The publication’s top companies ranking includes only one RE firm this year.
The latest 50 Top Companies tally by Businessweek (BW) includes only one real estate-related firm – CB Richard Ellis Group (CBRE). The Fortune 500 commercial property management firm managed to place at number 25. BW states, “The world’s largest real estate company lost $1.02 billion in 2008, compared with record earnings of $390 million the prior year. As the giant grapples with the worst downturn since the Great Depression, CEO Brett White is trying to diversify the business. The real estate giant is moving abroad, expanding its presence in emerging markets, such as Eastern Europe… (It) will consult on all things real estate for the telecom company, including sales of existing properties, leasing deals, and potential acquisitions.”
Last year was a better period for the housing sector in the annual list despite the start of the property bust. CBRE managed to reach 11th place even with a $1.02 billion loss. Home improvement retail firm The Sherwin Williams Company also made the list at 40th position after residential painting surged demand in connection with the housing boom. The same year also saw the addition of Goldman Sachs and Lehman Brothers and a host of other financial firms that seemed not to have been nervous of how things will eventually turn out.
Along with real estate, education, aerospace and agriculture sectors have only one firm each in the 2009 list.
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What does this tell the real estate industry then?
First, it will be more difficult for real estate firms to prove its resurgence and make it to the list next year since the process of selecting the companies according to BW includes determining “earnings before interest and taxes (that) excludes distortions from special and nonoperating items as defined by Standard & Poor’s Compustat.” Commercial real estate tumbled by 15 percent last year and is expected for more declines this year.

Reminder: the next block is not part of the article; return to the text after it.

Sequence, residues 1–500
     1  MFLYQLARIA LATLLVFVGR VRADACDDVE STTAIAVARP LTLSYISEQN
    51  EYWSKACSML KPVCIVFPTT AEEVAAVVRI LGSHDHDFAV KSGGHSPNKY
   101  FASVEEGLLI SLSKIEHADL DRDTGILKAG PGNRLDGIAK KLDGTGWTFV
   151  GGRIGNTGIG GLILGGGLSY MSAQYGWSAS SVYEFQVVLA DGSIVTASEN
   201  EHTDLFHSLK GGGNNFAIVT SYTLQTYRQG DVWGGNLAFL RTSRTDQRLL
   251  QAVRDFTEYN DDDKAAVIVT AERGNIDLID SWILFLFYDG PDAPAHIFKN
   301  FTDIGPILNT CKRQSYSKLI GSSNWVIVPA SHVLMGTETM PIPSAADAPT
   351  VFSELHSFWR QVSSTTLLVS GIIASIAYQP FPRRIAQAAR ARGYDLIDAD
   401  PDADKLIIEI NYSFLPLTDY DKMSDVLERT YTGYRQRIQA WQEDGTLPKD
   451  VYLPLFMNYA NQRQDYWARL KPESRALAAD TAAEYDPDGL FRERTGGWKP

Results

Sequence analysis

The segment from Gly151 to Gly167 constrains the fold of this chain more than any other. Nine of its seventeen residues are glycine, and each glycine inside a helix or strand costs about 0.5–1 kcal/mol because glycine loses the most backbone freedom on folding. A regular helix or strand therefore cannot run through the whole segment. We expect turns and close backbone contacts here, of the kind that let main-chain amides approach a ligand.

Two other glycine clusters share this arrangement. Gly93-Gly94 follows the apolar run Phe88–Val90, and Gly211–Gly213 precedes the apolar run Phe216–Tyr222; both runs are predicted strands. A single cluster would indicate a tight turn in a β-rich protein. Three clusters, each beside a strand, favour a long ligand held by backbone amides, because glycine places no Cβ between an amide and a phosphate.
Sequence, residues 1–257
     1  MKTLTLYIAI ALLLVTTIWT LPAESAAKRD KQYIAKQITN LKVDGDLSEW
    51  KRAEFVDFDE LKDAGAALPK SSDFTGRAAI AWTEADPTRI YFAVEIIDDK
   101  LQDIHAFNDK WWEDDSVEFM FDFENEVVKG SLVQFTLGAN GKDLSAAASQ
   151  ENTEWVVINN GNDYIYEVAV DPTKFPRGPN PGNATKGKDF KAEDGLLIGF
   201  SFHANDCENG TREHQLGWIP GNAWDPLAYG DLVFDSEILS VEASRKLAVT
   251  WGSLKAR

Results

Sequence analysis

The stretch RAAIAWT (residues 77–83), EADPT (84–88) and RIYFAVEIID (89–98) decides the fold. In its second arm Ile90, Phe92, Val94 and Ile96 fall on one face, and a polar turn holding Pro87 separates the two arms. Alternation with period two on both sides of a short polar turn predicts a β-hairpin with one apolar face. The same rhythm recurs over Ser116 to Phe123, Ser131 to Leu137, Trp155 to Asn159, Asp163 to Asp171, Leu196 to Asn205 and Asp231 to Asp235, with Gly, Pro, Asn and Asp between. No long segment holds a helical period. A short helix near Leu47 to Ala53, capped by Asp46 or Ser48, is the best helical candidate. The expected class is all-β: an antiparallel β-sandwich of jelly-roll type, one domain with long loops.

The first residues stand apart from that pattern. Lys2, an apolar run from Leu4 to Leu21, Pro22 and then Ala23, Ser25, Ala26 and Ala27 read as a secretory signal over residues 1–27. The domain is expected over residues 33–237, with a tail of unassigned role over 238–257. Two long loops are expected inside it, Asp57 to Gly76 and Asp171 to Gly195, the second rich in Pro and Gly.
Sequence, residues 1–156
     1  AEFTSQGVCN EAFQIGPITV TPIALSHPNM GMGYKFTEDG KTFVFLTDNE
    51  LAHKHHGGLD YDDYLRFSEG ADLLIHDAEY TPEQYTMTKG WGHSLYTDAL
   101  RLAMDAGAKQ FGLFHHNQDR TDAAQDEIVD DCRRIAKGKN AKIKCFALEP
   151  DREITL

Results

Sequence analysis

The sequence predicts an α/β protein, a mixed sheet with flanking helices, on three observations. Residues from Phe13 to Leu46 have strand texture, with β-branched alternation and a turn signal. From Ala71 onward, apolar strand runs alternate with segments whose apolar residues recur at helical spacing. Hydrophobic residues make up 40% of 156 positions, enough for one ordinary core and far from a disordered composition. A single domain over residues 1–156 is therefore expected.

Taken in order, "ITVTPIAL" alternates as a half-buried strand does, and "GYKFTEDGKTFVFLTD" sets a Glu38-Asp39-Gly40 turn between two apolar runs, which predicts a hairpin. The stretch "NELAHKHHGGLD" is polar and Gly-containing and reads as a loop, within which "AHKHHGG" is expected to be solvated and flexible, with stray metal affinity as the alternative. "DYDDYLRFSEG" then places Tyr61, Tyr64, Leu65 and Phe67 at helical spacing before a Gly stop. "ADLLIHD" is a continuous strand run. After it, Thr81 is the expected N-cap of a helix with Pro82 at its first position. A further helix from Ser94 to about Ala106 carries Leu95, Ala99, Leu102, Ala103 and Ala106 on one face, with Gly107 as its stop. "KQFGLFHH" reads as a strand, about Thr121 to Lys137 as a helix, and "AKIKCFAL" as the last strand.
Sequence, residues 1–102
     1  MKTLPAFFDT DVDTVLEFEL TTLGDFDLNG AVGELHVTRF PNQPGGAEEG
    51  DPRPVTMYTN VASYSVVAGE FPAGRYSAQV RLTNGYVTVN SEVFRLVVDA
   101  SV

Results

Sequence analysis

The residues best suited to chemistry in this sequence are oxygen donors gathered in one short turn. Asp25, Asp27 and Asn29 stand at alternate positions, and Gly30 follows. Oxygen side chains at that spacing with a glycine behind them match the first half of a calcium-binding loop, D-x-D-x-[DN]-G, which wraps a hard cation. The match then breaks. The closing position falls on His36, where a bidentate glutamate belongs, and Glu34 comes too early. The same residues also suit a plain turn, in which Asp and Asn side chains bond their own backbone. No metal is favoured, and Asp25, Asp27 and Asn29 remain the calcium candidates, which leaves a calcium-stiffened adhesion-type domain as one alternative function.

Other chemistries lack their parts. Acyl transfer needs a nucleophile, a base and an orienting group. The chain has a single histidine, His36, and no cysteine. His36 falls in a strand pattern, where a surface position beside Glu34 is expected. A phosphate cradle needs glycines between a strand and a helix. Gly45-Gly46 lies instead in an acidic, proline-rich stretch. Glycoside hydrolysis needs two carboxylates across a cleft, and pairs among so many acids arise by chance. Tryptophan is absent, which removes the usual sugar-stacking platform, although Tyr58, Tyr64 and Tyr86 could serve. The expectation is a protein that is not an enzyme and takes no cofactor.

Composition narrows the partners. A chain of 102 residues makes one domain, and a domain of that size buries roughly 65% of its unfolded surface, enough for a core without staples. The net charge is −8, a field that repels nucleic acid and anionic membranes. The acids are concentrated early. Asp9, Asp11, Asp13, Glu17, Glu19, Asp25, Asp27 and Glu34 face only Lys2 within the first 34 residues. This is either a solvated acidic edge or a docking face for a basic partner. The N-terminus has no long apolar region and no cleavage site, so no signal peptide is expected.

Second, housing-related companies are easily dropped from BW’s initial list of Fortune 500 companies. One reason behind this is the lack of sufficient data that they can provide. Real estate companies are usually adamant about releasing their sales figures to the public to prevent competitors from expanding their independent market researches.
Third, to eliminate bias against companies that gain immense profits from commodity value increases or exchange rate appreciation, BW also allows the comparison of companies “relative to their peers” in the same sector. To begin with, the entire industry is searching for the bottom so there’d be no significant results after all.
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